2.6 HW 3/98             Support for Ultra-5, Ultra-10, Ultra-60 Elite3d
    	                    and Starfire (E10K)
    2.6 HW 5/98             DR Support for Starfire
    7         5.7     3.6.1 64-bit OS support, logging UFS.
    7   HW 11/99            Added UDF filesystem, consadm, X11R6.4 server
    8         5.8     3.6.2 Dropped support for sun4c and Voyager;
    			    added IPv6, IPsec, modular debugger (mdb), high
    			    granularity interval timers, consadm, /dev/poll,
    			    MAP_ANON, forced unmount, extended memory for
    			    Intel, in-kernel mnttab, audio mixer, NFS
    			    server logging, Starfire Interdomain networking,
    			    Kerberos v5 client support, /proc tools core aware,
    			    prstat (like top), perl and other free utilities
    			    included, Apache, apptrace (symbolic library
    			    call traces), loopback file mounts (lofi),
    			    Intel CD boot, Intel large IDE disk support,
    8  06/00
    8  10/00		    Sun Blade 100 & Sun Blade 1000 support.
    8  01/01
    8  04/01		    Sun Fire server support, cdrw
    8  02/02		    UltraSPARC III cu (aka UltraSPARC III+),
    			    Sun Blade 2000
    8 HW 07/03		    Sun Blade 1500 and 2500 support
    
    9  	    5.9	      -	    Solaris 9; supports all hardware from the
    			    Solaris 8 HW releases.
    			    No Intel release at FCS
    			    OpenWindows applications removed.
    			    1-1 thread library.
    			    iPlanet directory server
    			    IKE, SSH, secure LDAP client, bundled
    			    encryption, bundled Solaris Logical Volume
    			    Manager (formerly Disksuite), including
    			    support for upgrades of systems with DiskSuite,
    			    Live Upgrade 2.0, Multiple page size support,
    			    Solaris 9 resource manager, IPsec for Ipv6,
    			    bundled tcp wrappers, wu-ftpd based FTP server,
    			    Solaris PPP 4.0 (based on ANU PPP),
    			    Extended File Attributes, DNLC improvements,
    			    UFS snapshots, KDC, Netscape 6.2.1
    			    X11 -nolisten and IPv6 support, Xnest/Xvfb,
    			    Freeware libraries, RSM, perl 5.6.1,
    9	09/02		    IPQoS, RIPv2, tunneling over IPv6, Memory
    			    Placement Optimization, DISM, Netscape 6.2.3
    9	12/02		    First Solaris 9 Intel release, LX50 Support
    			    Pluggable crypt() (Linux/BSD compatible
    			    longer password hashes, allowing for passwords
    			    over 8 characters long)
    			    UFS logging improvements.  Sun ONE App server.
    9   04/03		    Multiterabyte volume support in SVM and disk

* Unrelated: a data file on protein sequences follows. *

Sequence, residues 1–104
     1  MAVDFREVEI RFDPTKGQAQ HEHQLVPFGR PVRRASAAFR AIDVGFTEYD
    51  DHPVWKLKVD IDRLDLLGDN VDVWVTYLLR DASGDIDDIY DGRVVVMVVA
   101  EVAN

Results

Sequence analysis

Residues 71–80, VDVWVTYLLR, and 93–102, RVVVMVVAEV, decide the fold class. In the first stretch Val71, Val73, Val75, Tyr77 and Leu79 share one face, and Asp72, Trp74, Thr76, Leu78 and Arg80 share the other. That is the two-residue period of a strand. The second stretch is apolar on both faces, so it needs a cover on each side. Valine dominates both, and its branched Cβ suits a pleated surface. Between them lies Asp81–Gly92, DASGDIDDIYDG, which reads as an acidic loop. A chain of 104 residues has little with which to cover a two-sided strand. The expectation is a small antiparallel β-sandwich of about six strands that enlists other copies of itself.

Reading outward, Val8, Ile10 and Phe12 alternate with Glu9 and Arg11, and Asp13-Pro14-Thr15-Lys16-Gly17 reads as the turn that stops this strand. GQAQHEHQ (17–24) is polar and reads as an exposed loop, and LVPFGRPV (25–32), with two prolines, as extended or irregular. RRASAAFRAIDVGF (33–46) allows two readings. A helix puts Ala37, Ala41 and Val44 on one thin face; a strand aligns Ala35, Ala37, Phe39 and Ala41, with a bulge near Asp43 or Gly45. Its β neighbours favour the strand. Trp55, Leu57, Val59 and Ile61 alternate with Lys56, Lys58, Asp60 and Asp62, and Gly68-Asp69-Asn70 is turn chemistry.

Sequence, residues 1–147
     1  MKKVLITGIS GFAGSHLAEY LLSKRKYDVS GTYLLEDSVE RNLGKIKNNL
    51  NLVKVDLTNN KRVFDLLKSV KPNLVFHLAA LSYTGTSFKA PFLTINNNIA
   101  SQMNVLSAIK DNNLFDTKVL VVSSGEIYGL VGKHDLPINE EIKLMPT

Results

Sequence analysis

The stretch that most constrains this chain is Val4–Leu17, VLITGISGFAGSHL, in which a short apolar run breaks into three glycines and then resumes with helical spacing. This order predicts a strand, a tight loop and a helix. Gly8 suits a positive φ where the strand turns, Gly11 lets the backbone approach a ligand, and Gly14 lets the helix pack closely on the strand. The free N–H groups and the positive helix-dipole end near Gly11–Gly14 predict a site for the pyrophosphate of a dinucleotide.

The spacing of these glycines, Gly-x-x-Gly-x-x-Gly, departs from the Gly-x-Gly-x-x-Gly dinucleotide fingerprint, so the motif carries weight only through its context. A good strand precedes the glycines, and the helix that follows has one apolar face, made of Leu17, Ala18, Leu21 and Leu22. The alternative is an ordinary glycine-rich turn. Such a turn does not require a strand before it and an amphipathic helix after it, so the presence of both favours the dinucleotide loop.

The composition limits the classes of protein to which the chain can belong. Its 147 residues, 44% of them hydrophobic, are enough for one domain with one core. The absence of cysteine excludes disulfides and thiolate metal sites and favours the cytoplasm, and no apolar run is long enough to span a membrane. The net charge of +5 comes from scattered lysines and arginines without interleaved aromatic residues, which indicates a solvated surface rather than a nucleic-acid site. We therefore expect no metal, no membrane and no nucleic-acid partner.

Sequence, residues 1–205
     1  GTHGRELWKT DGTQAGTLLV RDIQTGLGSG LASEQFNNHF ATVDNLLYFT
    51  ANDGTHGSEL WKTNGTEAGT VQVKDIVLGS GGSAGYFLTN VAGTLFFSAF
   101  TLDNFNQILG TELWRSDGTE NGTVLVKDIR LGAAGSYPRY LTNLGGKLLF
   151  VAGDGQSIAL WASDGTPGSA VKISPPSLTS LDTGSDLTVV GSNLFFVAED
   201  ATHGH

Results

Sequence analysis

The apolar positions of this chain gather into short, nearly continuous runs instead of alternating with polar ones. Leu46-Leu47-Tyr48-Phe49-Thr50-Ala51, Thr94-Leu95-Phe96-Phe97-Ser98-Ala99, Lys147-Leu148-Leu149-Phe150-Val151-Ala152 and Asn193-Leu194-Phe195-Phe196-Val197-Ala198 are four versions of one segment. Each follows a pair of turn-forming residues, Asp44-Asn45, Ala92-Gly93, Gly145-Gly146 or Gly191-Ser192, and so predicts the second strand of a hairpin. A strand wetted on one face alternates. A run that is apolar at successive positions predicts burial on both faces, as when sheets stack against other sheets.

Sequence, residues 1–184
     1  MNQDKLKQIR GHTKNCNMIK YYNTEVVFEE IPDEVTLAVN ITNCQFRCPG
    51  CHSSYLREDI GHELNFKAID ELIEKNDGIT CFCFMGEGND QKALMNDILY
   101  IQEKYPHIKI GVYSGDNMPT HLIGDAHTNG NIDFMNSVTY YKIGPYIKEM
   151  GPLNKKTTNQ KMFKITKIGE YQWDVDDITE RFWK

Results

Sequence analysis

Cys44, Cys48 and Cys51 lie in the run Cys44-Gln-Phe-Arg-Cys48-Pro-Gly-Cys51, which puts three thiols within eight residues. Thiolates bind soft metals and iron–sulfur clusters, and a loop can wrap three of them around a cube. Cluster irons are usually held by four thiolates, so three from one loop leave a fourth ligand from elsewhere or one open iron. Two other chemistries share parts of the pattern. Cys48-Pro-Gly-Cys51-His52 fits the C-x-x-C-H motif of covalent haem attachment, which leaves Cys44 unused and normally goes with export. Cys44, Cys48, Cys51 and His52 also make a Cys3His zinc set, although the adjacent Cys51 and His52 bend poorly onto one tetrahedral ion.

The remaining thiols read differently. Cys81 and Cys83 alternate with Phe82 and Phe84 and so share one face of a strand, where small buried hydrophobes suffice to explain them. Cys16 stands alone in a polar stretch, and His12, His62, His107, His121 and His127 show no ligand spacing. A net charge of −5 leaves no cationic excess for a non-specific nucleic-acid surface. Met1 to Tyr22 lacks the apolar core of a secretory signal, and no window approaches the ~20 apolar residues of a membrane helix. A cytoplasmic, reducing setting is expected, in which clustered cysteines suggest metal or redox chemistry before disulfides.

label support using EFI labels
    			    IPv6 6to4 router; IKE hardware acceleration
    			    libumem
    9   08/03		    Live upgrade 2.1; bind 8.3.3; TCP Multidata
    			    Multi-terabyte UFS; GNOME 2.0; Ghostscript 7.05
    9   12/03		    WAN boot installation.  Signed packages & patches
    			    NIS-to-LDAP transition service
    			    Resource capping daemon for physical memory control.
    			    SPARC: locality groups.
    9   04/04		    Creating mirrors with Custom Jumpstart;
    			    USB 2.0 Feature/USB Dual Framework
    			    Sun Blade 1500 and 2500 support
    
    10  01/05		    new features already available include:
    			    Privileges (no more all-or-nothing superuser),
    			    Zones (virtual, isolated OS instances),
    			    Dtrace (dynamic tracing, everything you ever
    			    wanted to know about your system but you couldn't
    			    ask; you can ask it now),
    			    SMF (service management framework),
    			    FMA (fault management architecture),
    			    Fire Engine (much improved TCP/IP performance),
    			    Cryptographic framework,
    			    64-bit AMD64/EM64T support in Solaris for x86,
    			    Much improved Solaris/x86 support (Xfree86
    			    X drivers included by default and the Xorg
    			    server and more), SSE/SSE2 support,
    			    and much, much, more; and even more to come!
    			    The Solaris Express site has it all.
    
    SX  Solaris Express	    The latest look into Sun's kitchen where new
    			    features show up before they're added to
    			    an update or before they appear in the next
    			    release
    
    
    
    

    1.6) Will my old applications from 4.1.x run on Solaris 2?

    There is quite a bit of support in SunOS 5.x for running 4.1.x binaries in an emulation mode called "Binary Compatibility" (BCP). This works by dynamically linking the 4.1.x binaries with a shared library that emulates the 4.1.x binary interface on top of 5.x, so there is some overhead.

    In Solaris 2.2 and earlier, the programs needed to be fully dynamically linked.